Why Mortgage Credit Scores Are Different Than Consumer Scores

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Qualifying credit is a cornerstone of a home loan application. Mortgage lenders use credit scores to help assess a potential homebuyer’s ability to make steady, on-time payments. Given the weight of credit scores in the mortgage market, hopeful homebuyers should absolutely look into their credit before applying for a loan.

We’re fortunate to live in a time when consumers have easy access to their credit scores. Services like Credit Karma and Mint are excellent resources, since they provide free scores and frequent updates. The rise of online credit management tools means that more people are checking their scores than ever before.

Still, many consumers are caught by surprise when they apply for a mortgage and see scores that differ – sometimes significantly — from what they see online. So what gives?

The fact is that when it comes to credit scores, there isn’t just one. There are dozens upon dozens of credit scoring formulas and models, and they can all kick out a different number depending on the type of credit you’re looking to get.

Mortgage-Specific Scores

Credit monitoring tools and services often utilize scoring models that produce more generic or educational scores. To be sure, these scores can give you a good sense of your overall credit profile.

But the type of credit you’re seeking and the specific scoring models that lender or creditor uses make all the difference.

Credit scoring formulas are weighted differently depending on the type of credit you’re seeking, whether it’s a mortgage, a car loan or a credit card. In addition, while the FICO score is predominant in mortgage lending, each credit bureau can use a slightly different formula.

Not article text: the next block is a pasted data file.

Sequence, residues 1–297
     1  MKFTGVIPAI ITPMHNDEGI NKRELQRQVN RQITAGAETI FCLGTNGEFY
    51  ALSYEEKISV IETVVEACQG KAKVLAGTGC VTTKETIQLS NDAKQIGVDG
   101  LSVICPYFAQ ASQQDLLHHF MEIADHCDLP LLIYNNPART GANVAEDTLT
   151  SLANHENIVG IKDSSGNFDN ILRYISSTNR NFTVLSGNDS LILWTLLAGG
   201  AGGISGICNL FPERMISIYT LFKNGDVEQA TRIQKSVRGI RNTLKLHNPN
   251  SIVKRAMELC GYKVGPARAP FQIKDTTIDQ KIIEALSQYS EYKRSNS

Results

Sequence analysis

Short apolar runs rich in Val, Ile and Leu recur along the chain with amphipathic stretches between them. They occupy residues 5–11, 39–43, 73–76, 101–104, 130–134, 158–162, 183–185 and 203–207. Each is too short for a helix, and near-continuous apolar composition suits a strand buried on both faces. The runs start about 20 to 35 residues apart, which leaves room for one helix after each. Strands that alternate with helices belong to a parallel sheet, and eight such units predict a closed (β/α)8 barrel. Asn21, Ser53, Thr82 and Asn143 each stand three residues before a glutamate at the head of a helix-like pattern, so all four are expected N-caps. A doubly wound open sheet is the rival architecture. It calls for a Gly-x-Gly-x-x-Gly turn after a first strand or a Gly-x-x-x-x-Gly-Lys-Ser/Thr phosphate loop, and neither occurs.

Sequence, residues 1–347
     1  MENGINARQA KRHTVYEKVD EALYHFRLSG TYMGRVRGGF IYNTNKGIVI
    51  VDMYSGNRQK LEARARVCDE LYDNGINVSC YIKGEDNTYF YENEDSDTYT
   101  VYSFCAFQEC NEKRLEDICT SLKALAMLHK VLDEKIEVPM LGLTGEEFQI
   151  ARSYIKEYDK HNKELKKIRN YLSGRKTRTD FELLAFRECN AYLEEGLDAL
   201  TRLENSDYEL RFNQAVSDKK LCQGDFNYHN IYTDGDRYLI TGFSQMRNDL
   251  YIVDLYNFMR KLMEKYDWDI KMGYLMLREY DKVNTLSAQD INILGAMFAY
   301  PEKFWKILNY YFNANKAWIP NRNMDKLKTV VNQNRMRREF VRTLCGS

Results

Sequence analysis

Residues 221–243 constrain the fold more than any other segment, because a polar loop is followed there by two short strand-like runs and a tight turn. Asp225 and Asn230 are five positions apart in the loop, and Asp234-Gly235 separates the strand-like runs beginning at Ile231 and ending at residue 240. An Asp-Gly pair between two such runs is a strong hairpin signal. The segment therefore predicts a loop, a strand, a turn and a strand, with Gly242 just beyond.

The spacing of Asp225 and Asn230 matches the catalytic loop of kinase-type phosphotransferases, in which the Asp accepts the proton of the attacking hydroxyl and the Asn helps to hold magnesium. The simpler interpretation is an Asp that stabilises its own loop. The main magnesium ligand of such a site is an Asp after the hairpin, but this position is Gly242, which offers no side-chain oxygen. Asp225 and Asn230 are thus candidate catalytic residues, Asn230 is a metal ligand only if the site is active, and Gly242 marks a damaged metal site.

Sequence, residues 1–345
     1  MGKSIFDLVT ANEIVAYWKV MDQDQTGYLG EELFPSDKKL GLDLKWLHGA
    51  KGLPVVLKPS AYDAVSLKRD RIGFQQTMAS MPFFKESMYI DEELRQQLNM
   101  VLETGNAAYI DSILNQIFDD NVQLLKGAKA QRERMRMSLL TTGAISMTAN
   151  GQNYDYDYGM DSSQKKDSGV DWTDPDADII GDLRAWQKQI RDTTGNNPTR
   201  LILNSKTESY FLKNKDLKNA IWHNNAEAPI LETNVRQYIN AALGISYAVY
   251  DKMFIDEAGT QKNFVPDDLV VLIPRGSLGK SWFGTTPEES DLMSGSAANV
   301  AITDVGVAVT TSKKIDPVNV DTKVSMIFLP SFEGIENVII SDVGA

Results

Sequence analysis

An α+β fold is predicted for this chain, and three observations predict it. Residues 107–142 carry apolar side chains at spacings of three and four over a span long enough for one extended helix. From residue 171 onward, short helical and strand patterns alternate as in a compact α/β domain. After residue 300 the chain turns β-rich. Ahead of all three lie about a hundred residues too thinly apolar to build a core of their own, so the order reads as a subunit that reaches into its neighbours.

When mortgage lenders check a prospective borrower’s credit, they’ll typically see one mortgage credit score from each of the three credit bureaus and use the median score.

Often, the result is that a score you see online may differ from the score you see when financing a mortgage, which could be different still from a score that an auto dealer or credit card company sees. 

Value of Monitoring

This experience can be disappointing for some consumers, especially those who learn their mortgage credit isn’t quite where it needs to be to qualify. Credit score benchmarks can vary by lender, loan type and other factors.

But there’s still tremendous value in evaluating your credit profile before starting the homebuying journey.

Monitoring sites often provide a look at your credit history. You can also obtain free copies of your credit report from AnnualCreditReport.com. These reports leave out the scores altogether, focusing instead on an extensive credit history. They can help you track your on-time payments and new accounts, and alert you to any suspicious or fraudulent activity.

Issues like previous bankruptcy, foreclosure, tax liens and other delinquencies can throw a wrench into the home loan process. Your credit report will give you a clear picture of any potential issues ahead of time.

If you do opt to use online services that provide “consumer” or “educational” credit scores, know that these are a general indicator of your credit health, and not a single source of truth.

More importantly, tracking your scores will help you understand how your financial decisions impact your credit.

About the Author: Chris Birk is the director of education at Veterans United Home Loans, the nation’s top VA purchase lender and one of the Best Companies to Work For. He is the author of The Book on VA Loans and has appeared in The New York Times, the Wall Street Journal, USA Today, ABC News, CBS News, Fox Business, Military.com and more. Through Veterans United’s Guide to VA Homebuying he educates and equips veterans, service members, and their families throughout the VA loan and homebuying process.